Also, if going the Windows Store route (which I do recommend for starting) definitely check out Visual Studio 3D Starter kit.  It even includes a content pipeline and shader designer.  Great for learning & experimentation.

Edited by xenobrain
2

Share this post


Link to post
Share on other sites

Thanks alot for the replay "xenobrain", it helped to clearify some things. However, could you be more specific about how to do this --> "(the Win32 template may have done this for you if you ticked the checkbox) and initialize Direct3D (create a device, swap chain, render target view etc...)."

 

I was also wondering, if I start with DirectX App and then eventually wanted to change to a win32 application, could I just copypaste the code after I had included the libraries in the win32 project? Except that I have to make a Winmain() function and so on to get a windows running instead of the commant prompt?

 

And btw, about making a simple 2D game before I jump into a 3D one would be a good idea I think aswell, I have heard alot about pong being good for starters. Now I wonder, can it be made with C++ using DirectX libraries?

 

More posts and ideas are welcome.

 

Regards!

Edited by dawoodr
0

Share this post


Link to post
Share on other sites

ya the answer to all of your questions is yes. Now it's time to write some code.

0

Share this post


Link to post
Share on other sites

ya the answer to all of your questions is yes. Now it's time to write some code.

It is a bit hard when you don´t have any clue on how to start. I am having some difficulties to include the libraries into my win32 application. If anybody is able to help me out I would be very greatful.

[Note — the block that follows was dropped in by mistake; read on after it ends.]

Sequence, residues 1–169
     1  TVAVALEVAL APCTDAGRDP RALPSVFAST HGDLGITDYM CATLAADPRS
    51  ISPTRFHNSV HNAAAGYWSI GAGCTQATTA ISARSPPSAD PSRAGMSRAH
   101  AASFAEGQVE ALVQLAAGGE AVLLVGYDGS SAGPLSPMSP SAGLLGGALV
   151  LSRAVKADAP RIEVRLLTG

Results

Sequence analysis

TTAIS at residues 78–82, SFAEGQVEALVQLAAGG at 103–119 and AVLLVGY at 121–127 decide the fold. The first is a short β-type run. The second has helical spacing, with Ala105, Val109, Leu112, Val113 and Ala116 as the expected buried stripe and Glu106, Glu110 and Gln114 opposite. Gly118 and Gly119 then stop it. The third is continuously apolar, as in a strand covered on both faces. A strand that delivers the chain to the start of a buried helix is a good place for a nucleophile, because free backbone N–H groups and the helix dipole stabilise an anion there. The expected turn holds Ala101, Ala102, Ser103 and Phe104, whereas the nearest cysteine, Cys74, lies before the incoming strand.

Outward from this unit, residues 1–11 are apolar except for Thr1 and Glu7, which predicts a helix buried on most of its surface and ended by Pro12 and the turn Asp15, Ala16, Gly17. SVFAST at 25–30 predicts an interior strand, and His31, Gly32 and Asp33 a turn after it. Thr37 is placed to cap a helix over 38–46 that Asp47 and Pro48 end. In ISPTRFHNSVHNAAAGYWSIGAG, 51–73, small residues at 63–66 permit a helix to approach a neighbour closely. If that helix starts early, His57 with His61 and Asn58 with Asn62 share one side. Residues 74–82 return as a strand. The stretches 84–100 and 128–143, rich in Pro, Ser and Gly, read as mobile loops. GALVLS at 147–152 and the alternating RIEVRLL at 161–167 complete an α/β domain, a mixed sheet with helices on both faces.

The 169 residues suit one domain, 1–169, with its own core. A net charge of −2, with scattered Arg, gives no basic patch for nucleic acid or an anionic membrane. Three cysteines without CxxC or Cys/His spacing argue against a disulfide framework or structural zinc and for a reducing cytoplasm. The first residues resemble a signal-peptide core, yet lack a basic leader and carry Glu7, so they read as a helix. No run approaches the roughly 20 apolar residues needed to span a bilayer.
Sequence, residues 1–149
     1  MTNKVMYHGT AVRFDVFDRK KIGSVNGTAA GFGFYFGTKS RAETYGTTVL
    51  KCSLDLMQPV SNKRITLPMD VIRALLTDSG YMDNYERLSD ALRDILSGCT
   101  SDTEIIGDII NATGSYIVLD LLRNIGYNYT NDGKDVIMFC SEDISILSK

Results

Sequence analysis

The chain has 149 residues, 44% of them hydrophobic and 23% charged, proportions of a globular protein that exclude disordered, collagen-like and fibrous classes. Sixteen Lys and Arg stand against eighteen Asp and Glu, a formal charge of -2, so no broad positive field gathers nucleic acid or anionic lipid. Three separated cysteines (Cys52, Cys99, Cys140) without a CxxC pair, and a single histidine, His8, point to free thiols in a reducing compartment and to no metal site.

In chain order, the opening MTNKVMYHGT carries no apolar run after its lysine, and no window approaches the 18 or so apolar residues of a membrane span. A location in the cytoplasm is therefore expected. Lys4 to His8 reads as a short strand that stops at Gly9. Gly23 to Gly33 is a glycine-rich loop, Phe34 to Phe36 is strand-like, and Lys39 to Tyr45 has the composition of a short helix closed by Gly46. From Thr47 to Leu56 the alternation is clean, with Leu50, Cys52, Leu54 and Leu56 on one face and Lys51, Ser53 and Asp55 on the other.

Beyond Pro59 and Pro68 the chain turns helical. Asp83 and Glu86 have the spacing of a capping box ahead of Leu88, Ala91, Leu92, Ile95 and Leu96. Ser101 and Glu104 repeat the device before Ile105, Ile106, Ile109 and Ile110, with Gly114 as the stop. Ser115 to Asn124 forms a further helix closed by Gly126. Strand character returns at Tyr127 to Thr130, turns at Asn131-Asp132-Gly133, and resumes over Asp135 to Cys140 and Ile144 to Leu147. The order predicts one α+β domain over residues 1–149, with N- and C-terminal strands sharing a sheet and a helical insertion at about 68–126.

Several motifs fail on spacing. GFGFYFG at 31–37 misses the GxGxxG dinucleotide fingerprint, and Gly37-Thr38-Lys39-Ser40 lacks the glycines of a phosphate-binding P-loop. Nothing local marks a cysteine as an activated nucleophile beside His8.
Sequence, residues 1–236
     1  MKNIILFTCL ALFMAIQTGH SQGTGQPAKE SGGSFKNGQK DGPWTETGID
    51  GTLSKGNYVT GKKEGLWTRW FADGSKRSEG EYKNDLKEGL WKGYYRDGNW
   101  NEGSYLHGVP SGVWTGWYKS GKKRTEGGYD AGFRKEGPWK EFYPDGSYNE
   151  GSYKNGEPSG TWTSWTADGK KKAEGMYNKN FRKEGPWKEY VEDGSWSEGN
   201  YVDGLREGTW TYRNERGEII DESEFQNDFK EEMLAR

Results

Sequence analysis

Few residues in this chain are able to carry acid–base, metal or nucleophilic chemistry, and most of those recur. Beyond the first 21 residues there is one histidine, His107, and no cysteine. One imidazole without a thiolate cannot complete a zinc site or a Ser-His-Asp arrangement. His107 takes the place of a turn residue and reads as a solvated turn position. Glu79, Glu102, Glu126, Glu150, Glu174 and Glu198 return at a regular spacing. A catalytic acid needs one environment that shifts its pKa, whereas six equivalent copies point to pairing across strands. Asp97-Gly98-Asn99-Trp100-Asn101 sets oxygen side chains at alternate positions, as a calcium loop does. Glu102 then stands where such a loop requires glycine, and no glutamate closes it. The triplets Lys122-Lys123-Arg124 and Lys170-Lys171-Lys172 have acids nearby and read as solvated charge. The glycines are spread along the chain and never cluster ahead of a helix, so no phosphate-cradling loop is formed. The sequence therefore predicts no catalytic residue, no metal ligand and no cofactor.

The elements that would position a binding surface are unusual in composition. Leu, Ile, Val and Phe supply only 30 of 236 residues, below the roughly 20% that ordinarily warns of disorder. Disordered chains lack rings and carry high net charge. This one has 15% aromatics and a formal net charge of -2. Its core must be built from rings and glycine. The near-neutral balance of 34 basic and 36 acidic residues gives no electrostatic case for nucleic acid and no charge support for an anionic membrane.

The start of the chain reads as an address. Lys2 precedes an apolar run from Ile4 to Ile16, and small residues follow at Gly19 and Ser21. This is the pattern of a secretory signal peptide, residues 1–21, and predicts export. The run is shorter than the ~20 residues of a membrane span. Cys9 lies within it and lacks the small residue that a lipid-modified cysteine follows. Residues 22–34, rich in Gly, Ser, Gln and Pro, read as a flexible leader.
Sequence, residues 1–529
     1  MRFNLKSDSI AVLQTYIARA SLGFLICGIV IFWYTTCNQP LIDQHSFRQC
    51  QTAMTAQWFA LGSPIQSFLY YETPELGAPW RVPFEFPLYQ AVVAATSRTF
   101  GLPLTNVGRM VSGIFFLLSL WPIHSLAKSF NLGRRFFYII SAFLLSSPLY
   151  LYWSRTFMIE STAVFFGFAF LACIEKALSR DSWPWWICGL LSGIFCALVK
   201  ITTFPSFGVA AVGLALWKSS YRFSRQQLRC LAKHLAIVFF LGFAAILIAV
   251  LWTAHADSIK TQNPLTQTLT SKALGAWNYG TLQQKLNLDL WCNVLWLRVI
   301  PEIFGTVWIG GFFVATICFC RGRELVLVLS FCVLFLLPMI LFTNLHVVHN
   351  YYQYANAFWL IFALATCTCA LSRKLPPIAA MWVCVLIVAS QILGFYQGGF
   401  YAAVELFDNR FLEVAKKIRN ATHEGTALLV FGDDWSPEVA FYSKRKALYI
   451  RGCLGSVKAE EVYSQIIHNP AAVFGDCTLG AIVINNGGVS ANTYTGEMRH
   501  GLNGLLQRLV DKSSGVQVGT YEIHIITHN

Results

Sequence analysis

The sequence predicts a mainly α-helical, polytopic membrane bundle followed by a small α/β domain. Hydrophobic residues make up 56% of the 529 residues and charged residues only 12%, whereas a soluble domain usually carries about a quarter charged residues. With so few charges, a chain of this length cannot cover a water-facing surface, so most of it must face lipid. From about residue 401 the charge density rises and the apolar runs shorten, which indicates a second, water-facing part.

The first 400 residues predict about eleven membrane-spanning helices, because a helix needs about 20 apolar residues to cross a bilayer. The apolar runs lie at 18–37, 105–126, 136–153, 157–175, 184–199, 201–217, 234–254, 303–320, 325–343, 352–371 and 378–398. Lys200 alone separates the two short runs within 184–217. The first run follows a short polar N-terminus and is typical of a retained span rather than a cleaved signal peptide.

0

Share this post


Link to post
Share on other sites

I did some research on my own and find out that if you have windows 8.1 and visual studio 2013 the sdks are already installed, however they removed D3DX or something like that from the sdk packet or whatever.

 

All this is so frustrating, All I would like to do for now is to make a "Hello World" program with DirectX, perhaps a cube that says hello world or something like that, but I can´t even do that...

0

Share this post


Link to post
Share on other sites

You are correct.  D3DX is now removed.  However, you should have everything you need in the DirectXMath header, and that can be used on desktop and win8.  For things like loading textures, you can use the code from DirectXTex.

 

If you have a specific question about a feature in D3DX that you are unsure of the modern equivalent of, post it here and I might be able to tell you.

0

Share this post


Link to post